19. Mark Foote
    Mark Foote October 11, 2013 at 10:07 am | |

    “I once asked Wu Kwang Zen Master, “Our precept says not to take things not given. What does that mean?” He said, “What do you want?”

    On another occasion, I had an interview with Su Bong Zen Master. After I bowed to him, I asked, “What is your job?” He too said, “What do you want?”

    So, if this “What do you want?” becomes clear, then everything becomes clear. But if this “What do you want?” is not clear, then what?

    (raises stick and hits table)
    “What do you want?”
    (raises stick and hits table)
    “What do you want?”
    (raises stick and hits table.)”

    Well, “what do you want?” appears to have frustrated Ken Kessel a bit, but he’ll have it all worked out for you in our next episode of “Keep the Antiques Away from the Zen Master”, or What I Wonder’s Will a Matchbox Hold My Clothes ( I Ain’t Got Any Matches but I Sure Got a Long Way to Go)

    1. sri_barence
      sri_barence October 11, 2013 at 10:36 am | |

      HA!! That was funny! I may pass that one on to Ken next time I see him. I think he’d appreciate it.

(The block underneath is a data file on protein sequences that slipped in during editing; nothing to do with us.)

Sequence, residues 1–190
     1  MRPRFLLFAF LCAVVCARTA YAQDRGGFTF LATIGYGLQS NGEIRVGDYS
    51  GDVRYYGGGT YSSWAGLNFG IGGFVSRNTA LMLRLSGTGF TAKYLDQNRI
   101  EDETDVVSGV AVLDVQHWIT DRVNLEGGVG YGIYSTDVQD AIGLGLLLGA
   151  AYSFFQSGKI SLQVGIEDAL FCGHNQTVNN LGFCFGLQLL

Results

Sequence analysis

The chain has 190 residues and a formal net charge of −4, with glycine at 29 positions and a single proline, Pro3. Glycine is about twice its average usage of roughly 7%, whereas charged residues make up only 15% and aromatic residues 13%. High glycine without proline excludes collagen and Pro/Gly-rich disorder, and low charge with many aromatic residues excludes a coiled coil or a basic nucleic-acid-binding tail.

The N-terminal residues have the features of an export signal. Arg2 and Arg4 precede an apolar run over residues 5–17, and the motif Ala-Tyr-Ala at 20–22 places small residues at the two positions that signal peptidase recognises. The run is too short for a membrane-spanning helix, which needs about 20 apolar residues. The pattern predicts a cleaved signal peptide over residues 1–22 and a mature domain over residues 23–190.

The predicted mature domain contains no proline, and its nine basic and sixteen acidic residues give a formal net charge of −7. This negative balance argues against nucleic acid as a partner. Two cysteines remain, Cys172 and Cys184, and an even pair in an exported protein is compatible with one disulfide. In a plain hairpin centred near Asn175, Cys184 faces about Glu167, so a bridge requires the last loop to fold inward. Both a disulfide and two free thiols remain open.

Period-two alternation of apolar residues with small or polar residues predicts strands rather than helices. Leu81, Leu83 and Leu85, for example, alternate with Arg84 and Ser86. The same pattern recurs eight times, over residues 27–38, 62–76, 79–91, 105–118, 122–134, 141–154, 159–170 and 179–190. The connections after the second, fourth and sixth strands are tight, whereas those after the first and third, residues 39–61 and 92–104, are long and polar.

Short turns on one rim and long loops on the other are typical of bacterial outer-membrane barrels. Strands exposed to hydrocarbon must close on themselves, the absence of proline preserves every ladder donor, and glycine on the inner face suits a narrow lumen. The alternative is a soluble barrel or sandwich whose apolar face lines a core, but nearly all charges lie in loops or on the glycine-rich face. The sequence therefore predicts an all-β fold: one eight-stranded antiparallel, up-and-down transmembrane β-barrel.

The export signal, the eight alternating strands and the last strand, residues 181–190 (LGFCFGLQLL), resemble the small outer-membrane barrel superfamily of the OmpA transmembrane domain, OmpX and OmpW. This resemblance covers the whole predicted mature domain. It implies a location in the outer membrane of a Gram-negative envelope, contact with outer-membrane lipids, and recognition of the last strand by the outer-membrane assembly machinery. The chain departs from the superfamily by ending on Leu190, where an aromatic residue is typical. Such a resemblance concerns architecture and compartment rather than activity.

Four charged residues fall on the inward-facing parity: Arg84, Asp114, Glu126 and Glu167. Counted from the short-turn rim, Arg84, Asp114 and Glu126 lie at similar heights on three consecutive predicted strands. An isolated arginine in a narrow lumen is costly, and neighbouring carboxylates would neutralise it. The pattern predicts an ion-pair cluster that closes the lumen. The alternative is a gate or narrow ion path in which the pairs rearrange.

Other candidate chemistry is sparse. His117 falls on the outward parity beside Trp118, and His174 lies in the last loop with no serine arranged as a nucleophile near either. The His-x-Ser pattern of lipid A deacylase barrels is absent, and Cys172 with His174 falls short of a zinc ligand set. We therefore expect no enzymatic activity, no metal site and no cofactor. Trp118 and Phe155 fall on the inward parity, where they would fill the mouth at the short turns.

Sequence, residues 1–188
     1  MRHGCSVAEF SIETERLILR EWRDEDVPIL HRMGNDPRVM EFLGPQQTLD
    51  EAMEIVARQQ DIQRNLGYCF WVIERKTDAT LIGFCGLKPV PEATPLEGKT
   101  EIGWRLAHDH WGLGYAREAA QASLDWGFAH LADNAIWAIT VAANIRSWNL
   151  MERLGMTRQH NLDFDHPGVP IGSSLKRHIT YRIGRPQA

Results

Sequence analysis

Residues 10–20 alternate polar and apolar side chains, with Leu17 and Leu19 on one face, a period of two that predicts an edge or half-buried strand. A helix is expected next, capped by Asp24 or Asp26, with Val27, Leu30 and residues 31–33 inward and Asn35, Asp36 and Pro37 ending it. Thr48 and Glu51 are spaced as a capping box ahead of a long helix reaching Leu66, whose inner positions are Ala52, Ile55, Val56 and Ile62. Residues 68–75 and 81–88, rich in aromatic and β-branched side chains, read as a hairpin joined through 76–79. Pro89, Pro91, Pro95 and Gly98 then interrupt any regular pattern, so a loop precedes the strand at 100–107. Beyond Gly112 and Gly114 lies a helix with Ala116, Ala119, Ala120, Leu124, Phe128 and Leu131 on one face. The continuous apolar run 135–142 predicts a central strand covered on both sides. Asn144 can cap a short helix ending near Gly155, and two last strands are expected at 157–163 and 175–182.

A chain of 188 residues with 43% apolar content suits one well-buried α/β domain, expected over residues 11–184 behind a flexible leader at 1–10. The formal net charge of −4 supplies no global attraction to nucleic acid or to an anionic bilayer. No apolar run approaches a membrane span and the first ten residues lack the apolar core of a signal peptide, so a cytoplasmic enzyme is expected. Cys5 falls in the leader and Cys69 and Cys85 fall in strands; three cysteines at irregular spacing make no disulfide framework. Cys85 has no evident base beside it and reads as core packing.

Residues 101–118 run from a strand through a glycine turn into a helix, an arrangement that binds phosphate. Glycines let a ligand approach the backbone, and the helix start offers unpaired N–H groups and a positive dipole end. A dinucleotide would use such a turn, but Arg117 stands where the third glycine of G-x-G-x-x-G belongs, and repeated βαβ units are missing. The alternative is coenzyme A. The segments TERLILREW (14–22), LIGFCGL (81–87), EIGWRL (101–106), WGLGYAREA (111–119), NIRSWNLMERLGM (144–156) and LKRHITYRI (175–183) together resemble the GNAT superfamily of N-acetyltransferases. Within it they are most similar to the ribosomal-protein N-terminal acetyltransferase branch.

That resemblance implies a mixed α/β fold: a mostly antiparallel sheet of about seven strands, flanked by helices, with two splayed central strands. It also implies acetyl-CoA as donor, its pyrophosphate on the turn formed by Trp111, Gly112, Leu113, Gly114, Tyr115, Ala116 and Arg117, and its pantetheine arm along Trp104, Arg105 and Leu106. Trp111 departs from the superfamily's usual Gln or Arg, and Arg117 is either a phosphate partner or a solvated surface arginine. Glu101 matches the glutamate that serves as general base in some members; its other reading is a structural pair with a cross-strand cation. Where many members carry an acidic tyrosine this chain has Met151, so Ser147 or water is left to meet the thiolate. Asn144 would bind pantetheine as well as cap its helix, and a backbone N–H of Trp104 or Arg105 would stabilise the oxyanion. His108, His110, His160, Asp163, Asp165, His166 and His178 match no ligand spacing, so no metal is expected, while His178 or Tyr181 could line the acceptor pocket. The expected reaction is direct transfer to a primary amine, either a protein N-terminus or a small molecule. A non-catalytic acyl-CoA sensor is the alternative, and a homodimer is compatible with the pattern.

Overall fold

20. Mumbles
    Mumbles October 11, 2013 at 10:45 am | |

    Statlers? Yeah now you’re talkin’! Thanks Steve!! You gotta always remember to add that essential youtube music vid.

    Reminds me somehow of Dang Me, King of the Road, Can’t Roller Skate in a Buffalo Herd, etc., and this one, my favorite by this long gone genius songwriter/singer-feller:

    https://www.youtube.com/watch?v=j13sMmVwiFE

  21. Fred
    Fred October 11, 2013 at 11:05 am | |

    If you were Living from Zen rather than living from this being’s desires,
    what would you want.

    http://www.youtube.com/watch?v=-gxB8CXXAJ4

  22. Mumbles
    Mumbles October 11, 2013 at 8:52 pm | |
  23. Mark Foote
    Mark Foote October 12, 2013 at 11:40 am | |
  24. sudhana
    sudhana October 13, 2013 at 1:49 pm | |